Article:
This Valentine’s Day, we dare you to go beyond the standard bouquet of red roses. Yes, they are — and will always be — lovely flowers, there are so many other gorgeous, unusual blooms and arrangements out there worth spoiling someone (or yourself!) with.
Here are some of our favorite designs from florists across Canada, with options to suit any style and taste. And if you should just
happen to leave a couple images open on your computer for your special someone to find, all the better!
This citrus-hued arrangement by Jordana Masi of Toronto-based
White Oak Flower Co., is stunning and seasonal. ‘”During these months we tend to see a greater use of citrus palettes. It’s the right time of the year for them, with fruits ripe on the branch,” says Jordana. “By making use of winter and spring flowers like ranunculus, anemone, tulips and narcissus, you can really develop beautiful and unique arrangements.”
A rustic aesthetic is the hottest trend in floral design right now, and this arrangement’s asymmetrical styling is the perfect example of the look. It’s moody and perfectly disheveled, which adds to its dramatic feel.
Going local doesn’t just apply to your dinner plate — stick close to home with your bouquets, too, by choosing flowers that are in season in your region. Jordana specializes in locally-grown blooms, sourcing them from growers around Ontario. “It’s pretty cool to gift something that was grown in the same province, especially when everyone else is gifting roses that were grown on the other side of the world,” she says.
A good alternative to the standard rose is a free spirit rose, seen here in an arrangement by Calgary’s
Amborella Foral Studio. Free spirit roses have an amazing fragrance and, even better, a longer vase life than garden-variety roses. They can open up to 4” across, making them a perfect statement bloom.
If you’re going to have a stunning bouquet then you have to have the vase to match it. Not only is this romantic centerpiece by
Blush & Bloom full of depth and variety, but its golden urn sets it off perfectly. (The tangerines are a fun addition, too!)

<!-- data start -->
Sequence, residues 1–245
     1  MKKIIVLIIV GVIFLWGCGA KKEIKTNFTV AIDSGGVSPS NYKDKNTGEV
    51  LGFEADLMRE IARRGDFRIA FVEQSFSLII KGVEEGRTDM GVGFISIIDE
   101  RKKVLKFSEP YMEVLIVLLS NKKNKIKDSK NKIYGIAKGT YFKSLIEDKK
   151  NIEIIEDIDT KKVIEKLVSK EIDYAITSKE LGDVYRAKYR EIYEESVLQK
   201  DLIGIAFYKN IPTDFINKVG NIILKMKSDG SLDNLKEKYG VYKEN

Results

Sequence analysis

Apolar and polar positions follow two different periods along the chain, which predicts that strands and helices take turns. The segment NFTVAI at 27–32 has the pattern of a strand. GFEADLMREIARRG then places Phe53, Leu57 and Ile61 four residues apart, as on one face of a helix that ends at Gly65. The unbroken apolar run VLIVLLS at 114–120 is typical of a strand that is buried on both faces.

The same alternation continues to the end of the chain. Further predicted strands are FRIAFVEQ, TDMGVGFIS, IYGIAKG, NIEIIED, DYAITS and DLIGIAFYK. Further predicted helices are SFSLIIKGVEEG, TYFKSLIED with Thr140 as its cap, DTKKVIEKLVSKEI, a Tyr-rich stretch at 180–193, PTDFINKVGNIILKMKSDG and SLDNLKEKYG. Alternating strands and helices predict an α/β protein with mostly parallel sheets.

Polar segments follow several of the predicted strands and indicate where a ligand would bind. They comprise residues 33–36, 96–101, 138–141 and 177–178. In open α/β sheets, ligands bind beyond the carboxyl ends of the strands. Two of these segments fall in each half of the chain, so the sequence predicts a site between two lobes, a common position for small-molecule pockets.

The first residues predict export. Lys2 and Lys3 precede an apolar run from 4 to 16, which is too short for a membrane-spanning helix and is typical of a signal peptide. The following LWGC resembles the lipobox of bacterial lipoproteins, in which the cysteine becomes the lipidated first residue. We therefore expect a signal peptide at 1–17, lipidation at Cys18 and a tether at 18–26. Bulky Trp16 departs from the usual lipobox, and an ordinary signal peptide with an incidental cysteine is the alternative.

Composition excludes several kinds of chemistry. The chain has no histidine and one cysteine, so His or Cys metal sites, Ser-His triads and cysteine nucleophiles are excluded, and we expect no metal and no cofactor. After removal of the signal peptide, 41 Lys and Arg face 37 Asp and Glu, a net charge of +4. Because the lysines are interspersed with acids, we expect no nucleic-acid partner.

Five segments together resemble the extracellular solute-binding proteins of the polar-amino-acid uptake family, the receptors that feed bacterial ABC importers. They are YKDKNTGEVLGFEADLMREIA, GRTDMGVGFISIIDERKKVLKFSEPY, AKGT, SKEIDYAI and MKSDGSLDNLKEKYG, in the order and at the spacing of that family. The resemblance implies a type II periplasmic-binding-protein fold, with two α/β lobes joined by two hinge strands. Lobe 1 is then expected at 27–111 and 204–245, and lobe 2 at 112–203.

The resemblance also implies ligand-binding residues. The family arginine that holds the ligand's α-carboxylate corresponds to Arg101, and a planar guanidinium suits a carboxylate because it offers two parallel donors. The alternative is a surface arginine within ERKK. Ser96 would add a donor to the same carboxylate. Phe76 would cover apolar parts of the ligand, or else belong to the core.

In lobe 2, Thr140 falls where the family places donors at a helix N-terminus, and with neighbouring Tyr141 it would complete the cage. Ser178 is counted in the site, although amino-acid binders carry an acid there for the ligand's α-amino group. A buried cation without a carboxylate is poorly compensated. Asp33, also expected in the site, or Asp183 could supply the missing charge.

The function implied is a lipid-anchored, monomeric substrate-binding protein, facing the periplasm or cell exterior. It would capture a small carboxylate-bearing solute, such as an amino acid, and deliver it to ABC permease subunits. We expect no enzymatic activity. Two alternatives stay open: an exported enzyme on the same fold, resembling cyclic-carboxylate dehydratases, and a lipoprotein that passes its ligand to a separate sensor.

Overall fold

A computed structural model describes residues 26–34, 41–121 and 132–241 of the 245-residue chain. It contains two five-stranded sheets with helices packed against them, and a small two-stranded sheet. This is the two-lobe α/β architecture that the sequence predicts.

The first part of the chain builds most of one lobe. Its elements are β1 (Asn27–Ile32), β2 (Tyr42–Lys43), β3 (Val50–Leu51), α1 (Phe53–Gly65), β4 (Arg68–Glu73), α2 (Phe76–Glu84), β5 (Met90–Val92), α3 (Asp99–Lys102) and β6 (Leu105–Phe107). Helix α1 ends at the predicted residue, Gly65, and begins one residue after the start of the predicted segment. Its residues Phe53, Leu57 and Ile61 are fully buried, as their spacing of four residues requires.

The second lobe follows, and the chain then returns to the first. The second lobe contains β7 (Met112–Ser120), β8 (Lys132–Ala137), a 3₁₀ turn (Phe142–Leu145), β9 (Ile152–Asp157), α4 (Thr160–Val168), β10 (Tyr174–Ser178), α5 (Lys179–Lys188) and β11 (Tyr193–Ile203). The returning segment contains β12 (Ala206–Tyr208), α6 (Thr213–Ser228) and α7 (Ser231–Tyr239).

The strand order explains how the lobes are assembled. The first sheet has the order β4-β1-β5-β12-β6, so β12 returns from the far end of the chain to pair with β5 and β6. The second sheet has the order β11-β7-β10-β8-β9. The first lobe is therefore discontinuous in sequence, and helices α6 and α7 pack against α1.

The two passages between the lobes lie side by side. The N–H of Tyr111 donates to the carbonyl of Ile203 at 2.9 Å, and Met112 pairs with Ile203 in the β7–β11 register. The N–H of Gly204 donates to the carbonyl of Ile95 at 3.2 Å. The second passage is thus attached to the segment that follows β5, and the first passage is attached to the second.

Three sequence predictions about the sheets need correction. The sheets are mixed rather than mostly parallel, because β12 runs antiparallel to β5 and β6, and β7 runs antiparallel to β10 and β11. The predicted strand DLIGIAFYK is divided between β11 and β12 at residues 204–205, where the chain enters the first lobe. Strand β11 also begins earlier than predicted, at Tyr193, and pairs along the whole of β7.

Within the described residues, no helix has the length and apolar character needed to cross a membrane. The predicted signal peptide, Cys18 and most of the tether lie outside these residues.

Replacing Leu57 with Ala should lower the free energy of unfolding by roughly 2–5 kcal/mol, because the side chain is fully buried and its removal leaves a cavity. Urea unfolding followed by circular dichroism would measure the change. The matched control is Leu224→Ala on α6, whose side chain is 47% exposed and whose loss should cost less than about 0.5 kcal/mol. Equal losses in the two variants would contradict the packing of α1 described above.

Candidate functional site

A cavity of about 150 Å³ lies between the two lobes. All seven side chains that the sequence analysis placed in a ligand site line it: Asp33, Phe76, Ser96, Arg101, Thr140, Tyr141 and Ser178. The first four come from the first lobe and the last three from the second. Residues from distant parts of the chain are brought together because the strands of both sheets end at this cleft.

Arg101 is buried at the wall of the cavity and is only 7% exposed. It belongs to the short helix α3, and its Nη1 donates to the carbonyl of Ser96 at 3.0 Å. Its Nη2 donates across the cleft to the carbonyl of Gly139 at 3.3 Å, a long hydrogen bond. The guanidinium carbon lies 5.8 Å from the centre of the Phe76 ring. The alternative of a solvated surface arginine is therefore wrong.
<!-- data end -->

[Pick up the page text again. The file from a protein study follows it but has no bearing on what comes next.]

Timberlost Design’s Lauren Wilson advises clients to steer clear of trends and follow their own personal tastes, there’s no use denying that white flowers are having a moment. “Whites and greens are very popular right now and I love working with bold, clean whites and lush, deep greens,” says Lauren. “When I have a client who wants color, I suggest blushes, plums and creams instead.”
If you still love roses, then consider including one or two in a loose, garden-inspired arrangement. “I am an advocate for pulling from your landscape,” says Lauren. And if you don’t have a garden? No problem. “Get inspired by your surroundings — base your palette off a favorite dress or a certain shade of pink,” she advises.
If you long for colorful flowers but hate those cheesy dyed bouquets at the grocery store, then this romantic bouquet for you. “I love garden-inspired, rustic bouquets that are still romantic. I achieve this by using big, bold blooms, soft textures and woodsy accents,” says Lauren. “Some of my favorite flowers to work with this year are poppies, anemones, veronica, wax flowers, scabiosa, garden roses, parrot tulips and magnolia branches.”
Chelsea Lee Flowers does red roses in a totally unique way. Complemented by luscious greens and soft pinks this bouquet is perfect for those wanting a little pop of color to brighten their winter days.
Photographer: Candace Berry Photography
This arrangement by
Coriander Girl, a West End Toronto flower and antique shop, incorporates two-tone roses amidst moody blooms and lush greenery for a Valentine’s Day bouquet that’s anything but cliché.
Flower Factory styled blooms in a soft and gentle palette of buttery yellows, soft pinks and crisp whites for a celebration of springtime in a vase. The pastel hues lend a dreamy vibe, while a wide variety of flowers add depth and visual interest.
Small bouquets can be just as stunning as large arrangements. In this one by Edmonton’s
Swish Flowers, one scene-stealing protea is anchored by smaller, complementary blooms for a tiny bouquet with big impact.